Since it’s a relatively dead time of the year for NBA news, I’ve got to figure out a way to keep the NBA fans entertained, right? That’s why I jumped in a topic that’s always been interesting to me in the past:
The value of contracts.
No NBA contract is created equal, although there are strict requirements to make it so players make nearly the same amount. Rookies are paid on a wage scale that increases every season, but has team options, so teams can cut those contracts, if they wish.
There is a maximum salary in the NBA, as you well know. Well, the common sense behind that idea is flawed. Players should be paid what they are worth to the penny, rather than having 20 players in the league make the max. Obviously, all those 20 players are not as good as each other. Someone has to be the best, so they should be paid more, right?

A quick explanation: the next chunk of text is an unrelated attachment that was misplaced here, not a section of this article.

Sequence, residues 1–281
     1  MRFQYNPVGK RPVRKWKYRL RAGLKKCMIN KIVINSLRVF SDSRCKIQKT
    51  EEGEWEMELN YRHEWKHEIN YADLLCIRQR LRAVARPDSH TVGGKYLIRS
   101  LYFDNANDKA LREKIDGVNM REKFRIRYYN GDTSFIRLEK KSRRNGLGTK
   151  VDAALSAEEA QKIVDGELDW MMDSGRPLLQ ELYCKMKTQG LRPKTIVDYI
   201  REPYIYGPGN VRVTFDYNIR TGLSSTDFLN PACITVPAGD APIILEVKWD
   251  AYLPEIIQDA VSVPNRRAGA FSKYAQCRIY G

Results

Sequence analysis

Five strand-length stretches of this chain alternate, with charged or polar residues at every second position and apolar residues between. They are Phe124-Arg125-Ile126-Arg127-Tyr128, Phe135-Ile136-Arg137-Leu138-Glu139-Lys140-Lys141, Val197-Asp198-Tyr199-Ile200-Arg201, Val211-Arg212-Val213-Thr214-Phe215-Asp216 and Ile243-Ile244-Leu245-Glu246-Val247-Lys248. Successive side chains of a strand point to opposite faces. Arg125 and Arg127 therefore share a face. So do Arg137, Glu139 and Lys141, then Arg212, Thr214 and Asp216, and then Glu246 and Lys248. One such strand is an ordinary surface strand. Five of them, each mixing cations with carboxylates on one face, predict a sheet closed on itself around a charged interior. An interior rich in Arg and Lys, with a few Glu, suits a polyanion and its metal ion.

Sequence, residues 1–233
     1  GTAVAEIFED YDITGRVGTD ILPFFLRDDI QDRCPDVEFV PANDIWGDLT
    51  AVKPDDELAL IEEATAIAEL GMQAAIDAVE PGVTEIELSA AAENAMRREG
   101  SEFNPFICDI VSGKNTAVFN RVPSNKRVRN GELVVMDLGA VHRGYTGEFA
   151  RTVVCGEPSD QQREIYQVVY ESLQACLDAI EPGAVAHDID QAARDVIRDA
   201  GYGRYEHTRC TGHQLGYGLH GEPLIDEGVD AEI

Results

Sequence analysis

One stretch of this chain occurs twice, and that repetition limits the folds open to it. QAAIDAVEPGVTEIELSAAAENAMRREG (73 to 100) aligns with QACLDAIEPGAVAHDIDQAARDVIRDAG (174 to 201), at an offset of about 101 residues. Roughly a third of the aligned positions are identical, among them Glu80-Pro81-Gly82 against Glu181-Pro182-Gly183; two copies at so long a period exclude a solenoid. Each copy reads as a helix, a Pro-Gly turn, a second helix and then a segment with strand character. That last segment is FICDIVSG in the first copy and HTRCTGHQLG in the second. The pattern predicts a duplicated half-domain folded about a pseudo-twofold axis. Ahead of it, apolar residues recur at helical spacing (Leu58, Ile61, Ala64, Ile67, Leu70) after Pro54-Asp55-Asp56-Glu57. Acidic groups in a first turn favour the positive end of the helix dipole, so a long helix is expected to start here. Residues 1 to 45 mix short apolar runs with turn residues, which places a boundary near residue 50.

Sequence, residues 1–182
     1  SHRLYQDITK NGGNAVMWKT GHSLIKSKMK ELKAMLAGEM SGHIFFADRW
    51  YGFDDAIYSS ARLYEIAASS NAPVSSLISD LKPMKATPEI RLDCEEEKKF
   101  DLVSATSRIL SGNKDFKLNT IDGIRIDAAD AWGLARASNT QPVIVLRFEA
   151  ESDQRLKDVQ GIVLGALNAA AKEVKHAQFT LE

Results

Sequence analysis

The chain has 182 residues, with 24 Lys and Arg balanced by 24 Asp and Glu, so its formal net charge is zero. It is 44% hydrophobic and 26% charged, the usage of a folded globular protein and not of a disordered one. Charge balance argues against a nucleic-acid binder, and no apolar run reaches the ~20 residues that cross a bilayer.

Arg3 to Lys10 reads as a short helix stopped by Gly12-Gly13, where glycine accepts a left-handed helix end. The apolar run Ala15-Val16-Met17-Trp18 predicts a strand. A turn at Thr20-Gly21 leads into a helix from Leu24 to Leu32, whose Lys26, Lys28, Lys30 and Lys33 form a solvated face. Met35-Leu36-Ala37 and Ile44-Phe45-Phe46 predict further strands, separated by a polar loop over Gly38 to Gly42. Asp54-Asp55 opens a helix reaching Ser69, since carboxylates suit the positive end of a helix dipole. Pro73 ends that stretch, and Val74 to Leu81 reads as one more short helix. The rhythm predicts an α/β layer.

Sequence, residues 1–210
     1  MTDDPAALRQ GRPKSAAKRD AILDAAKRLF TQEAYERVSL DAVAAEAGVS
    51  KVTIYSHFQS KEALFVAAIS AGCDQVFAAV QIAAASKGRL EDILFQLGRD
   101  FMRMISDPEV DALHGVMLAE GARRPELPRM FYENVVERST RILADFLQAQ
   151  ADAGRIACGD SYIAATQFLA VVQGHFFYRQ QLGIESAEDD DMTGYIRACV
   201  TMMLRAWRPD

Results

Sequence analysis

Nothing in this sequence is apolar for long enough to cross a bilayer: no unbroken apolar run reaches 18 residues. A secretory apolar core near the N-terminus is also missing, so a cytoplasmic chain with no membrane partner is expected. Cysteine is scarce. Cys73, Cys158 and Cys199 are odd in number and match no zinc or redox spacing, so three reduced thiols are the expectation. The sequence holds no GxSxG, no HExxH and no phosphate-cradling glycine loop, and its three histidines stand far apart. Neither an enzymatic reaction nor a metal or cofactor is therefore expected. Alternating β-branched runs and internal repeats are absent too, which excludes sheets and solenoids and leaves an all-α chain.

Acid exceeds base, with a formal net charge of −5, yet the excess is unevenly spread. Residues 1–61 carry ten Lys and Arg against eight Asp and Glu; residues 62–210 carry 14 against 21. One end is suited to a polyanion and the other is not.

That was my logic in trying to find out what were the ten most valuable contracts in the NBA. The lower the contract, the easier it is to have a valuable contract because the team is paying less but getting more “bang for their buck.” The higher the contract, the more pressure is on that player to have good production. To give you some context, that was my thinking heading into this. A player with a higher contract, then, would have to be really successful to be more valuable than lower contracts. Ya dig?
For reference, I use Player efficiency Rating (PER) when trying to rate players. Basically, PER is a per-game productivity score that is pace-adjusted and minutes-adjusted per player. It allows people to compare achievements in statistical categories by putting them in one number, according to John Hollinger who created PER.
It’s not the best stat to use all the time, but in this case, I think it serves the purpose.
Without further ado, here are the ten most valuable contracts in the NBA: